In Android Studio you will want to ensure the Instant App SDK is installed. In the SDK Manager you will find it under the “SDK Tools” tab. The item is titled “Google Play Instant Development SDK.”
Create an Android application. To enable the instant app feature, a few modifications are needed. You can make these modifications manually or through a menu option. To make the change through the menu option right-click on your app’s module, select “Refactor” and then “Enable Instant Apps Support…”
Selecting this menu option makes changes to your application’s Manifest and the App level build.gradle. In AndroidManifest.xml, a new namespace is added to the root element. An item specifying a sandbox version is also added to the element.
An additional element is added to the manifest named <dist:module /> with an attribute dist:instant set to true. You can add an optional dist:title attribute with a string that may be presented to the user to identify your application.
While this enable’s an application for instant launch, there are other considerations that you will want to make for the best experience. This includes potentially dividing your application into modules to put the most essential features that will be available in the Instant app in a smaller module for quick launch while the other features of your application are in another module. Presently, instant apps are limited to 15 megabytes. One strategy may be having activities for viewing data in a module (so that user’s can view data that your application’s services offer) with some light-weight editors and placing a more capable editor and other application features in a different module.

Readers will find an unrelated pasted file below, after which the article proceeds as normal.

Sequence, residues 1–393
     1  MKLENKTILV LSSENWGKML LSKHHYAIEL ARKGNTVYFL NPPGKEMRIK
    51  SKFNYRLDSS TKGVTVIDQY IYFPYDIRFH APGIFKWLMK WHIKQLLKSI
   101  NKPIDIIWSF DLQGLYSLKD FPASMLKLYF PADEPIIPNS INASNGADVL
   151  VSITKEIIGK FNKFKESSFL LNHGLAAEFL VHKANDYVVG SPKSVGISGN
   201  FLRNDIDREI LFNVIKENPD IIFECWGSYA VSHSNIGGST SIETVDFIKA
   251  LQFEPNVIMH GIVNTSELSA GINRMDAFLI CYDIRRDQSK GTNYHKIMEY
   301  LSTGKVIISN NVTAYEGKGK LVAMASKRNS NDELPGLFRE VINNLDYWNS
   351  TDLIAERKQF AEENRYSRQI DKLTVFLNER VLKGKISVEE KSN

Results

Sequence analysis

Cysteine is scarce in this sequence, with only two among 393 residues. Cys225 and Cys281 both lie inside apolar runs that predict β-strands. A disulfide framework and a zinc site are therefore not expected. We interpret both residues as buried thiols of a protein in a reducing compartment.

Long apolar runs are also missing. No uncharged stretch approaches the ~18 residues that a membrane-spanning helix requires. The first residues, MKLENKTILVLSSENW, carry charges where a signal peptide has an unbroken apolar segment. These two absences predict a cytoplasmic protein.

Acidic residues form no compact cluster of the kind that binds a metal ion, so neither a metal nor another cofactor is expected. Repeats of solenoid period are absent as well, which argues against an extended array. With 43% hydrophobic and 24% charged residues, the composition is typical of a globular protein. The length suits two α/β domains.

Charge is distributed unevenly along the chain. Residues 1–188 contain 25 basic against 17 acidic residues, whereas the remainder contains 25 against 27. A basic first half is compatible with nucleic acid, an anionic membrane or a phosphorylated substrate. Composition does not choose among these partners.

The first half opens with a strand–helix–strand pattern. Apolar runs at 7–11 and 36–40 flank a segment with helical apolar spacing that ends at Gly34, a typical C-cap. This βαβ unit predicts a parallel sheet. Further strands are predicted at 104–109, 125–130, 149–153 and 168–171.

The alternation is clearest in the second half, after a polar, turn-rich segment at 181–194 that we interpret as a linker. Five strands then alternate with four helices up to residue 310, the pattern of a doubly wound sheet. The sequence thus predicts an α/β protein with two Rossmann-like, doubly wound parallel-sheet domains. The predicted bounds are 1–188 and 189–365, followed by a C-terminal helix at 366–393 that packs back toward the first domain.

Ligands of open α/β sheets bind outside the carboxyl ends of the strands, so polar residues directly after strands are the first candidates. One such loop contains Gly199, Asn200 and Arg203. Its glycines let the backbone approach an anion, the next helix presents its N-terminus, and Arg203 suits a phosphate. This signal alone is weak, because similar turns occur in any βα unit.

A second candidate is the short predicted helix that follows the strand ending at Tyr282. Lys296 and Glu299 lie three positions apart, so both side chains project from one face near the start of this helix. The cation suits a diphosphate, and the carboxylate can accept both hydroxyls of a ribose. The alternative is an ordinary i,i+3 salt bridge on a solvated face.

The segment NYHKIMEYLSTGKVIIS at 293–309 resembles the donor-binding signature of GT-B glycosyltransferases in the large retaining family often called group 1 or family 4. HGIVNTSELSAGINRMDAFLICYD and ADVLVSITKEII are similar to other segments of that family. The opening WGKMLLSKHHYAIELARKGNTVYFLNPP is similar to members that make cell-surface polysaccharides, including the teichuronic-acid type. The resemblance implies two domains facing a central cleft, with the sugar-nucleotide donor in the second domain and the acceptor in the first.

There are several ways to test your Instant App. One way is through the Google Play development console. You have the option of your Instant app and the full install as being the same or separate applications. If they are separate, they don’t even need to be in the same project. They do need to use the same package name. If you decided for them to be different projects, then their version numbers must be different. The Instant App needs to have a lower version number than the full application. The transition from the instant app to the full app, should the user decide to perform an install, is treated as an upgrade.
Within the console, upload your full application as you normally would within the choses testing track. After it is uploaded, select your application from the console and select “Advance settings.” Under the tabs, select “Release Types” and then select the button to add a new release type. “Google Play Instant” is the type that you want to add.
In the development console select the option to make a new release. You will now have a drop-down where you can select the release type. Select “Google Play Instant.”
You will be prompted to select or upload an application package. If your instant application is the same as your full application, here you can select the previously uploaded AAB. Otherwise, upload the instant version of the application. After filling in the information for the release, you are done, but possibly not ready to test.
When I uploaded my first instant app, the process was a bit frustrated by not knowing that the Instant App isn’t necessarily available in the Google Play Store instantly. For me, the full application showed, but the Instant app was nowhere to be found. It can take a day (and sometimes longer) for the option to try the application to show up. Have a bit of patience here. The instant version of your application will (ironically) become available with time.